A snapshot on the on-label and off-label use of the interleukin-1 inhibitors in Italy among rheumatologists and pediatric rheumatologists: a nationwide multi-center retrospective observational study

Frontiers in Pharmacology. 2016;7 DOI 10.3389/fphar.2016.00380

 

Journal Homepage

Journal Title: Frontiers in Pharmacology

ISSN: 1663-9812 (Online)

Publisher: Frontiers Media S.A.

LCC Subject Category: Medicine: Therapeutics. Pharmacology

Country of publisher: Switzerland

Language of fulltext: English

Full-text formats available: PDF, HTML, ePUB, XML

 

AUTHORS


Antonio Vitale (University of Siena)

Antonella Insalaco (Bambino Gesù Children's Hospital)

Paolo Sfriso (University of Padua)

Giuseppe Lopalco (University of Bari)

Giacomo Emmi (University of Florence)

Marco Cattalini (University of Brescia)

Raffaele Manna (Università Cattolica Sacro Cuore, Fondazione Policlinico A. Gemelli)

Rolando Cimaz (AOU Meyer)

Roberta Priori (Sapienza University of Rome)

Rosaria Talarico (University of Pisa)

Stefano Gentileschi (University of Siena)

Ginevra de Marchi (University of Udine)

Micol Frassi (University of Brescia)

Romina Gallizzi (University of Messina)

Alessandra Soriano (Azienda Ospedaliera ASMN)

Maria Alessio (University Federico II)

Daniele Cammelli (University of Florence)

Maria Cristina Maggio (University of Palermo)

Renzo Marcolongo (University of Padua)

Francesco La Torre (A. Perrino Hospital)

Claudia Fabiani (Humanitas Research Hospital)

Serena Colafrancesco (Sapienza University of Rome)

Francesca Ricci (University of Brescia)

Paola Galozzi (University of Padua)

Ombretta Viapiana (University of Verona)

Elena Verrecchia (Università Cattolica Sacro Cuore, Fondazione Policlinico A. Gemelli)

Manuela Pardeo (Bambino Gesù Children's Hospital)

Lucia Cerrito (Università Cattolica Sacro Cuore)

Elena Cavallaro (University of Udine)

Alma Nunzia Olivieri (Seconda Università degli Studi of Naples)

Giuseppe Paolazzi (Santa Chiara Hospital)

Gianfranco Vitiello (University of Florence)

Armin Maier (Ospedale di Bolzano)

Elena Silvestri (University of Florence)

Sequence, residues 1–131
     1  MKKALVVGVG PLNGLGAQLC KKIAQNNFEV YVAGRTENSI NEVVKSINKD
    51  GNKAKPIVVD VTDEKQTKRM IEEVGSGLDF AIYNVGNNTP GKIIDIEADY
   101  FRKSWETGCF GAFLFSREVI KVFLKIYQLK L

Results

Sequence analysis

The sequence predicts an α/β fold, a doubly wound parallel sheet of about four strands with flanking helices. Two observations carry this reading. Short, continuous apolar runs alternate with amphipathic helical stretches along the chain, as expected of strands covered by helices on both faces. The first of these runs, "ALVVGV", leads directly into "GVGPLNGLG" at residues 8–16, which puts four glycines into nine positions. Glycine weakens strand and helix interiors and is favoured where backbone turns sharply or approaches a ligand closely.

Chiara Stagnaro (University of Pisa)

Guido Valesini (Sapienza University of Rome)

Marta Mosca (University of Pisa)

Salvatore de Vita (University of Udine)

Angela Tincani (University of Brescia)

Giovanni Lapadula (University of Bari)

Bruno Frediani (University of Siena)

Fabrizio De Benedetti (Bambino Gesù Children's Hospital)

Florenzo Iannone (University of Bari)

Leonardo Punzi (University of Padua)

Carlo Salvarani (Azienda Ospedaliera ASMN)

Mauro Galeazzi (University of Siena)

Donato Rigante (Università Cattolica Sacro Cuore)

Luca Cantarini (University of Siena)

EDITORIAL INFORMATION

Blind peer review

Editorial Board

Instructions for authors

Time From Submission to Publication: 14 weeks

 

Abstract | Full Text

Background: interleukin (IL)-1 inhibitors have been suggested as possible therapeutic options in a large number of old and new clinical entities characterized by an IL-1 driven pathogenesis. Objectives: to perform a nationwide snapshot of the on-label and off-label use of anakinra (ANA) and canakinumab (CAN) for different conditions both in children and adults.Methods: we retrospectively collected demographic, clinical, and therapeutic data from both adult and pediatric patients treated with IL-1 inhibitors from January 2008 to July 2016.Results: 526 treatment courses given to 475 patients (195 males, 280 females; 111 children and 364 adults) were evaluated. ANA was administered in 421 (80.04%) courses, CAN in 105 (19.96%). Sixty-two (32.1%) patients were treated with both agents. IL-1 inhibitors were employed in 38 different indications (37 with ANA, 16 with CAN). Off-label use was more frequent for ANA than CAN (p<0.0001). ANA was employed as first-line biologic approach in 323 (76.7%) cases, while CAN in 37 cases (35.2%). IL-1 inhibitors were associated with corticosteroids in 285 (54.18%) courses and disease modifying antirheumatic drugs in 156 (29.65%). ANA dosage ranged from 30 to 200 mg/day (or 1.0-2.0 mg/kg/day) among adults and 2 to 4 mg/kg/day among children; regarding CAN, the most frequently used posologies were 150 mg every 8 weeks, 150 mg every 4 weeks and 150 mg every 6 weeks. The frequency of failure was higher among patients treated with ANA at a dosage of 100 mg/day than those treated with 2 mg/kg/day (p=0.03). Seventy-six patients (14.4%) reported an adverse event (AE) and 10 (1.9%) a severe AE. AEs occurred more frequently after the age of 65 compared to both children and patients aged between 16 and 65 (p=0.003 and p=0.03, respectively).Conclusions: IL-1 inhibitors are mostly used off-label, especially ANA, during adulthood. The high frequency of good clinical responses suggests that IL-1 inhibitors are used with awareness of pathogenetic mechanisms; adult healthcare physicians generally employ standard dosages, while pediatricians are more prone in using a weight-based posology. Dose adjustments and switching between different agents showed to be effective treatment strategies. Our data confirm the good safety profile of IL-1 inhibitors.